In this interview, David Zierler, Oral Historian for AIP, interviews Robert Cahn, Senior Scientist Emeritus at the Lawrence Berkeley Laboratory. Cahn recounts his childhood in the San Francisco area, and he describes his early interests in math and science, and he describes his undergraduate experience at Harvard, where he was influenced by Dan Kleppner and Ed Purcell. Cahn describes his summer internship at SLAC, and his travel experiences in Europe after graduating. He describes his decision to pursue graduate work at Berkeley and he explains the political tumult that had convulsed the campus in the late 1960s. Cahn discusses his work with Dave Jackson on Regge theory and his postdoctoral work at SLAC, which was focused on quark research. Cahn describes his work at the University of Washington, where he collaborated with Lowell Brown, and he explains his decision to join the physics faculty at University of Michigan, where he collaborated on several projects with Gordy Kane and where he became interested in parity violation in atoms. Cahn explains his decision to move to UC Davis, and he describes the opportunity at LBL that presented itself shortly thereafter. Cahn describes the way LBL has been integrated with the physics department at Berkeley, and he discusses his tenure as Director of the Physics division. At the end of the interview, Cahn describes LBL’s increasing involvement in cosmology, the fundamental discoveries that have been made over the course of his career, and he considers some of the philosophical or metaphysical issues that arise in investigating how the universe works.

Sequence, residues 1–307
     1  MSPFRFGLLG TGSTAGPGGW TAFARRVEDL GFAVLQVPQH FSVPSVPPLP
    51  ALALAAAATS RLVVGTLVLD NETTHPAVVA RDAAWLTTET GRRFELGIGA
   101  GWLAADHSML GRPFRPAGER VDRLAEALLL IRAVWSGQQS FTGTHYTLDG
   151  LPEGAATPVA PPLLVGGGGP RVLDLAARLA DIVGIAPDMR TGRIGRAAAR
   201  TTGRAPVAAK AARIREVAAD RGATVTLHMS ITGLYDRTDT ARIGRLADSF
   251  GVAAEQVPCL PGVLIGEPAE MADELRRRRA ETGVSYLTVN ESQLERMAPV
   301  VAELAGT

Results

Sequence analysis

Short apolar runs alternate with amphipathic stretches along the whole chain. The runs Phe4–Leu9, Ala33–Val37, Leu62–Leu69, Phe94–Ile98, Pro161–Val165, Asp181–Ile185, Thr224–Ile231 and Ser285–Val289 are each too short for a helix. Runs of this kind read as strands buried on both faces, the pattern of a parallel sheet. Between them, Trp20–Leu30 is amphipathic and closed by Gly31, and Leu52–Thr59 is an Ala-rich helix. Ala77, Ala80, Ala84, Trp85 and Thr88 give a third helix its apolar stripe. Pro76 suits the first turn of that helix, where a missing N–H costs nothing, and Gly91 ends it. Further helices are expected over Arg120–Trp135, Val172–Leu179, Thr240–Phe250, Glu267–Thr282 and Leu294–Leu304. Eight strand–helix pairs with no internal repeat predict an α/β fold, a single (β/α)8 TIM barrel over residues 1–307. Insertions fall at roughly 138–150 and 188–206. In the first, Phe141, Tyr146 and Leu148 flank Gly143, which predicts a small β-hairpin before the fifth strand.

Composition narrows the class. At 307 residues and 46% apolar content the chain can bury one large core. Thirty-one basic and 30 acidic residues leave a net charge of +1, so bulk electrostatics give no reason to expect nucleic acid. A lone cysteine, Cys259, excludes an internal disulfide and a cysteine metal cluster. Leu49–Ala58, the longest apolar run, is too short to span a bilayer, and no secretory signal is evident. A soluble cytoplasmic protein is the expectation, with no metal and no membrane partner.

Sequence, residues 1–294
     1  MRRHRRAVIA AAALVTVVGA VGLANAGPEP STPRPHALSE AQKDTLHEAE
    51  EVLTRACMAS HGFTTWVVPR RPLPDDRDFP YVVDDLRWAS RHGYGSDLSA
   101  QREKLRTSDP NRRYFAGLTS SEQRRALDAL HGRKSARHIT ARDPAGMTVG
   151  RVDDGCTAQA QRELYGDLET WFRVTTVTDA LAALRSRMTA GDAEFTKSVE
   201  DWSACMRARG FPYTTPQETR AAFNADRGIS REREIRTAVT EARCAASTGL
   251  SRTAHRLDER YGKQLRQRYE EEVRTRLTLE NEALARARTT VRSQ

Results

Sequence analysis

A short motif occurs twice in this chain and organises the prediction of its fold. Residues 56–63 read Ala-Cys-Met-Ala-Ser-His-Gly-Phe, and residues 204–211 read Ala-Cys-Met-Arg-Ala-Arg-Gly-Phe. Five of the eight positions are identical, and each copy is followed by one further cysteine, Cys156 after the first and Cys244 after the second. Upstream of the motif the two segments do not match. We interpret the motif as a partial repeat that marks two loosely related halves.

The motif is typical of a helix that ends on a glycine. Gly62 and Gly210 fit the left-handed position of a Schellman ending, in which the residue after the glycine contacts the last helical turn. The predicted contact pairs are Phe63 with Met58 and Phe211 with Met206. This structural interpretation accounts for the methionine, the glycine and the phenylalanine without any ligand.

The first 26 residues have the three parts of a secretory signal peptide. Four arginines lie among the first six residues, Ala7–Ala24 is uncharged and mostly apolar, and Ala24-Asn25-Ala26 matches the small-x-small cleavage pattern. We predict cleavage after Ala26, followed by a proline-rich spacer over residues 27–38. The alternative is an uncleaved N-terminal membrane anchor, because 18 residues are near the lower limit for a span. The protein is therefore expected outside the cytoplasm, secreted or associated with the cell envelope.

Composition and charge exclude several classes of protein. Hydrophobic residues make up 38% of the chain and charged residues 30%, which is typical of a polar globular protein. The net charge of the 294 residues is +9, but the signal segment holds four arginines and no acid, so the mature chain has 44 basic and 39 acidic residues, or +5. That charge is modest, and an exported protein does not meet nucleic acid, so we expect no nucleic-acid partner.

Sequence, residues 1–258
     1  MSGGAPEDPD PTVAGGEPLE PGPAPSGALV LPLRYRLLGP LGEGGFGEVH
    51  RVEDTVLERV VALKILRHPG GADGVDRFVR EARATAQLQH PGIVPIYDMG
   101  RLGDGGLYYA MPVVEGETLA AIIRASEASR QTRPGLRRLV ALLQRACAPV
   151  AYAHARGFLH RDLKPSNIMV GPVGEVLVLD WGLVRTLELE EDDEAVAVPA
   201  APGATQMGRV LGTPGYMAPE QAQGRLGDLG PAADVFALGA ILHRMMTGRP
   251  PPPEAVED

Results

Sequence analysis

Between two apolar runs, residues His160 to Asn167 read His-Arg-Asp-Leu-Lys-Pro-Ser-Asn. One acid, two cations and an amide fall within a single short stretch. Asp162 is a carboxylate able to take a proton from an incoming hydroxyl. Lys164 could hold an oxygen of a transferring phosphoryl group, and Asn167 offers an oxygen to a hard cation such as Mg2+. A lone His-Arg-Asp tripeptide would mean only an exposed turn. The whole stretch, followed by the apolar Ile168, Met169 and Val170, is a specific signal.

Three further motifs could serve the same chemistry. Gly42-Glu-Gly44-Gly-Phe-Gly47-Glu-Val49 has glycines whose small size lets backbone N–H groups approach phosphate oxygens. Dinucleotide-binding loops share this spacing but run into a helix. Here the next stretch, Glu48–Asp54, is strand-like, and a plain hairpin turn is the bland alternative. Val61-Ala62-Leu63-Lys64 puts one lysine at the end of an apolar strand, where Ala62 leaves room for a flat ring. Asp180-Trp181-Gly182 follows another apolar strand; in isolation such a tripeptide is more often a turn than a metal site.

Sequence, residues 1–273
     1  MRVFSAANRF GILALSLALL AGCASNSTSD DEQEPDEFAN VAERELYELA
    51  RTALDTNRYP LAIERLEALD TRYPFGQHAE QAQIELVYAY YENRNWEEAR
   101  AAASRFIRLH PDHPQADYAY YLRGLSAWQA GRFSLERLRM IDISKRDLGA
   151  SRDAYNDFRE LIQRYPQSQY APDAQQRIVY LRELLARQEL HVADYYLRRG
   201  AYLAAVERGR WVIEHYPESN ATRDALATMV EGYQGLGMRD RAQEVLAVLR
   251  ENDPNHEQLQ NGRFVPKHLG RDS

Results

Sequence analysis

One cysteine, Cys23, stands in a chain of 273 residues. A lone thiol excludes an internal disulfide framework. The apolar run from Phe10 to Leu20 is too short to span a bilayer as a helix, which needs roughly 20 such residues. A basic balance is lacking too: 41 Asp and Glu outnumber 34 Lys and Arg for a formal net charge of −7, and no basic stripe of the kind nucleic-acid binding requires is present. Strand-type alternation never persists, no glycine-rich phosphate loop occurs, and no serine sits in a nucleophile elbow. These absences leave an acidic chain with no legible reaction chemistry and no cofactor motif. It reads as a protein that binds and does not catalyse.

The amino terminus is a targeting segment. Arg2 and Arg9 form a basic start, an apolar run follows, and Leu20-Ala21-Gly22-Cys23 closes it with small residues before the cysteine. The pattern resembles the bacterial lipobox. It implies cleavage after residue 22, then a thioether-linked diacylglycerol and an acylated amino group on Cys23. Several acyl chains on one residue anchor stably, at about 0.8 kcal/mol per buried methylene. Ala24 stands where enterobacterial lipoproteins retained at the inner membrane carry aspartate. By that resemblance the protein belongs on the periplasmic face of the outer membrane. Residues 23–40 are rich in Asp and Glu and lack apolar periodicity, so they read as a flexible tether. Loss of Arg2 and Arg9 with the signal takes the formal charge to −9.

Interviewed by
David Zierler
Interview date
Location
David Zierler
Abstract